2009 was a year of significant firsts and major changes.
My experience with New Year's Resolutions has always been lackluster at best. The reason? Without any constraints, I'd typically create several dozen goals, which would result in feelings of overwhelm. Worse, it was hard to keep each goal front and center within my mental RAM, particularly when life got busy. When I reviewed my goals at the end of the year, I would typically discover that I forgot at least half of the goals I set out to achieve. Needless to say, this was a discouraging way to end and start each year.
I've always loved this quote by Caroline Myss because it was a key insight for me as to why our bodies can become injured or deteriorate until we heal the trauma in the stories we tell.
A few examples from my history.
About a decade ago, I learned a powerful healing technique called EFT (emotional freedom technique). What fascinated me the most was how often a physical injury that lasted for years would miraculously improve in minutes.
Imagine being a freshman in college and finding out in the newspapers that one of your classmates (allegedly) locked herself in her dorm room and set it on fire. The death of Elizabeth Shin was a horrific reminder of the ongoing mental and emotional health issues faced by MIT's student body. Her (apparent) suicide served as a cautionary tale to other students that were either 1) white-knuckling their way through the pain or 2) unable to find the help and support that they needed.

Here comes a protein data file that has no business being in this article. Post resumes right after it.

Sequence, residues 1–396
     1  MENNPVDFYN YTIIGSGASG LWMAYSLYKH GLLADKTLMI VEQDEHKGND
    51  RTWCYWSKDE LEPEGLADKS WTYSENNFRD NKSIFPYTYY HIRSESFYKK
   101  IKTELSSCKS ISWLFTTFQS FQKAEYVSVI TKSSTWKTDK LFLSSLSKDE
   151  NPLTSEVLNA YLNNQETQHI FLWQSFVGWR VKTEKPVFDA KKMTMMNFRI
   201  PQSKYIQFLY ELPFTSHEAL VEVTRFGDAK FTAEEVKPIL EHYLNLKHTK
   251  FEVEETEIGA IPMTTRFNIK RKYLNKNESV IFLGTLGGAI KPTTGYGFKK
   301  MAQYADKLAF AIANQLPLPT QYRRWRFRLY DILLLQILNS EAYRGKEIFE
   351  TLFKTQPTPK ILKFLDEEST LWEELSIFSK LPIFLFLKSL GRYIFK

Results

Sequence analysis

Before iPhones, I used to wear my backpack wherever I biked in Boston because my brain would never stop, and I wanted to have everything necessary (laptop, notebook, and camera) to quickly capture these curiosities before their vividness because as foggy as a forgotten dream.
Not every idea was useful. Most ended up in the trash can. But many did serve as a substrate for something more. Maybe a poem. Maybe a hobby. Maybe some new creative endeavor.
Kevin is a MacGyver-like technologist. During our five years of working together, he had this knack of pulling rabbits out of hats and coming up with solutions and workarounds that blocked others. When describing him, I would tell people that if someone were to drop him off on a deserted island, he'd find a way to build a server by the close of business that day. Now, of course, there was no real way for him to melt sandy beaches into silicon chips. Still, it was more a statement about the overall resourcefulness and tenacity by which he attacked problems.
What we choose to look for can significantly improve our moment to moment experience.
The ordinary person searches for and points out defects.
The effective person searches for and discovers the occasional diamond.
The extraordinary person is constantly seeing the diamonds in the defects.
Ducking Siri! If you get the joke, then you are probably used to the wonderful world of autocorrect fails, which can range from annoying to hysterically funny. Autocorrect fails can also offer little gems of insight for self-reflection. Take the title of this article as an example...